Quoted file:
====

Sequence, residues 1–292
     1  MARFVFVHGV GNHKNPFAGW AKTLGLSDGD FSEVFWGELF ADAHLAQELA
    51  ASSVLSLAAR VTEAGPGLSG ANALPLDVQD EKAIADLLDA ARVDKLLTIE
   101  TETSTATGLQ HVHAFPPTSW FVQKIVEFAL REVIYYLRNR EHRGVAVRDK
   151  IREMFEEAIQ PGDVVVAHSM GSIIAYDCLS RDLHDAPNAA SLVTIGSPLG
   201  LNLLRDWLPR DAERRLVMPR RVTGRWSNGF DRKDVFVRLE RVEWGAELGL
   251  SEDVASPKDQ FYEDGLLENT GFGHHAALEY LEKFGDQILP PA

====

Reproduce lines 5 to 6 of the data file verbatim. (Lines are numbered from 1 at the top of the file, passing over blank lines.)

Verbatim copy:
   151  IREMFEEAIQ PGDVVVAHSM GSIIAYDCLS RDLHDAPNAA SLVTIGSPLG
   201  LNLLRDWLPR DAERRLVMPR RVTGRWSNGF DRKDVFVRLE RVEWGAELGL